Shout out to Michael A. Warner of Amarillo for his recent not guilty verdict in the 47th District Court in Potter County. D, charged with continuous sexual abuse of a child, was the stepfather of the 8-year-old alleged victim—who testified that D had taken “sticks” and put them in her bottom “twice a year for various years.” English was the 3rd-grade victim’s second language. Counsel asked the little girl to spell “various,” and she was not able (“various” appearing in the counselor’s notes numerous times). Michael’s defense was that victim’s mother and D were both here illegally, and mother was attempting to get a visa by being the parent of a sexual crime victim. Mother got a free immigration attorney, divorce attorney, $3,000 in crime victim’s compensation from the State, money to move to Washington state to be near girl’s daddy, utilities paid for in Amarillo, and a housing subsidy in Washington. Mother also got most of the property in the divorce. Jury, out just 2½ hours, believed it was a made-up story for financial gain by mother and an attempt to stay in the country instead of being deported. Congratulations on a big win, Michael.
Kudos to Waxahachie warrior Mark Griffith for his win in an 8-day trial—where the State put on evidence for 7½ days. Mark says, “Our defense took three witnesses and about 2 hours.” The charge was indecency with a child. On cross the child admitted to lying to the jury on 21 occasions under oath. Further, during questioning of the child witnesses, Mark asked her why she changed her testimony from one day to the next, and she pointed at the prosecutor and said, “She told me I needed to change my story.”
Mark adds, “At the end of all evidence the Judge would not let me do a full offer of proof on witness tampering on the part of the prosecutor.” But he’s ordered a transcript and a grievance against both prosecutor and the Judge—for not filing a grievance against the prosecutor for tampering with a witness. After the charge was read to the jury and they left the courtroom, the Judge told Mark he’d let him know when they wanted to go to lunch, but Mark said wait, they wouldn’t go to lunch: A not-guilty verdict would come within 25 minutes. It took 21 minutes. Mark credits co-counsel Sarah Duncan and Makenzie Keene, in intern going into her third year at Tech Law, as invaluable in instant research and for showing the wisdom and compassion of true warriors. And he adds: “Always trust a jury. They see straight through the BS if you point it out to them.“
A tip of the hat to Denton’s Bruce Isaacks and Camila Francino for their recent wins. D was charged with a second-degree felony possession of a controlled substance, enhanced to a first-degree felony punishment. Arresting officer found a ziplock bag inside a bag in the backseat of D’s car and a smaller ziplock bag inside a camouflage bag in the front seat. The DPS lab didn’t test substance in the small bag, only what was in the big one in the back. The bag contained no identifying information, and testimony showed there were other people in the back seat earlier that day. The jury returned the big NG.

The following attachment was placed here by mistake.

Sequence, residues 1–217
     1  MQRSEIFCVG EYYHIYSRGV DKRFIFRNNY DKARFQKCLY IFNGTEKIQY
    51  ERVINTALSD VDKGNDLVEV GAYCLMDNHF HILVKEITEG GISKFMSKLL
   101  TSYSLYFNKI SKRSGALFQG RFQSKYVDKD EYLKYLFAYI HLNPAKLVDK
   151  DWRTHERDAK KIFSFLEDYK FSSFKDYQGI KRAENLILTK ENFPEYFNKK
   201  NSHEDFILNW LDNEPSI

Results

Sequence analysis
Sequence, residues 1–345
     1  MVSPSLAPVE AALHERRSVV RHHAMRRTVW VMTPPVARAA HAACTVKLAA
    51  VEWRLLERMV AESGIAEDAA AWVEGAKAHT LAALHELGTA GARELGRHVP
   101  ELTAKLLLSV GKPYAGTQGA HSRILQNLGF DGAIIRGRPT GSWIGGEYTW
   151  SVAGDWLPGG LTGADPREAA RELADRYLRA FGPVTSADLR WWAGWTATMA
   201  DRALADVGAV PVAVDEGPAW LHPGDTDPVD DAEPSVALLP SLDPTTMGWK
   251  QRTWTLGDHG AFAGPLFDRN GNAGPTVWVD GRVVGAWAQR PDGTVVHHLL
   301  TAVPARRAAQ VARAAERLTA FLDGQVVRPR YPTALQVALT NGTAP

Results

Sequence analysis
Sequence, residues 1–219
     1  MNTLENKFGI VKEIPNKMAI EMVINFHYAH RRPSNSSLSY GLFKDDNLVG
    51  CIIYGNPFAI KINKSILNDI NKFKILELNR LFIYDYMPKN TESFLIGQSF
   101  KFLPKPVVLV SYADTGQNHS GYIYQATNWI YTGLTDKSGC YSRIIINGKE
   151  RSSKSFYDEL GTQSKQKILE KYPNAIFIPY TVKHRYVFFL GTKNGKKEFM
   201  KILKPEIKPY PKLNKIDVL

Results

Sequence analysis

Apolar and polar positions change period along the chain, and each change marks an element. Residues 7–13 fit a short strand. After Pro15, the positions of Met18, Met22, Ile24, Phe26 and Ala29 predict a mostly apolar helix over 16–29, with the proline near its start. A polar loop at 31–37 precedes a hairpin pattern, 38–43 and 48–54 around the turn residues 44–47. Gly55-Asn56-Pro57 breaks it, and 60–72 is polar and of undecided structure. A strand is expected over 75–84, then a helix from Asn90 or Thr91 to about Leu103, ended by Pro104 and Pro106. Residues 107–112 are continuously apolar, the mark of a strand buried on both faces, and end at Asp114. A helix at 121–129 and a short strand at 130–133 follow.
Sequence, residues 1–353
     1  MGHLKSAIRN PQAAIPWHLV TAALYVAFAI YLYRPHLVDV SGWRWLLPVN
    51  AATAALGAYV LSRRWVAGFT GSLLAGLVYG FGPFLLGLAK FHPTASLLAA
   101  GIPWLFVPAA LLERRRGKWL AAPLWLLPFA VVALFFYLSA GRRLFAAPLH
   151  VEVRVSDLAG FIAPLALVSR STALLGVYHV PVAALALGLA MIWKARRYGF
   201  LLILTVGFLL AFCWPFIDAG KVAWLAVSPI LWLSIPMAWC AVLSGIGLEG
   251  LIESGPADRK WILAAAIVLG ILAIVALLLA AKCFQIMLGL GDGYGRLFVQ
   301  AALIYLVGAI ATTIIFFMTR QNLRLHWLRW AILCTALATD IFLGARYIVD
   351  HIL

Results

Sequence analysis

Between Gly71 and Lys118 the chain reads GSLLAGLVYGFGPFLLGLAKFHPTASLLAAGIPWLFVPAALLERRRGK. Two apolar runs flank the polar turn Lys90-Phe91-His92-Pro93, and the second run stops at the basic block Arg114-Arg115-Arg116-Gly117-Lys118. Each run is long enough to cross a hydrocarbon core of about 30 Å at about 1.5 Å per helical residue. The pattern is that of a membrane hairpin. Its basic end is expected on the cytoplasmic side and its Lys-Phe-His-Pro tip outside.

The next week the pair went to trial on an assault family violence case, arguing defense of property. Once again, the jury returned a quick not guilty verdict. Congratulations, Bruce and Camila, on a nice week’s worth of work.
Shout out to TCDLA Past President Sam Bassett and TCDLA Associate Board Member Rick Flores for their recent win in a criminally negligent homicide trial in Travis County. D confronted another man on the street who had inappropriately touched his wife and another woman inside a bar. D pushed the man, who tripped and fell, fractured his skull, and died. The State focused its case on causation—while Sam and Rick argued that D could not have been aware that there was a substantial and unjustifiable risk that death would result from the shove. The jury agreed and ruled not guilty. Good work, guys, for a big win.
Kudos to E. X. Martin of Dallas for his recent win in a Breach Of Computer Security jury trial. He notes that the state offered a misdemeanor plea deal, which they turned down. The jury took only 15 minutes to agree, so apparently it was the right move.
Past president Gerry Goldstein sent along this shout out: “We all know of the countless spectacular and incredible courtroom victories of our able Brothers, Dick DeGuerin and Mark Stevens. What I’d like to recognize and we too often do not adequately praise are those cases that require remarkable sacrifice, courage, and stamina of our Brothers and Sisters who spend literally months in federal court standing up against impossible odds. Mark and Dick deserve our respect and kudos for their remarkable efforts in the Bandidos’ trial that ended here in San Antonio yesterday. At every moment and every turn they embodied the best tradition of our profession!”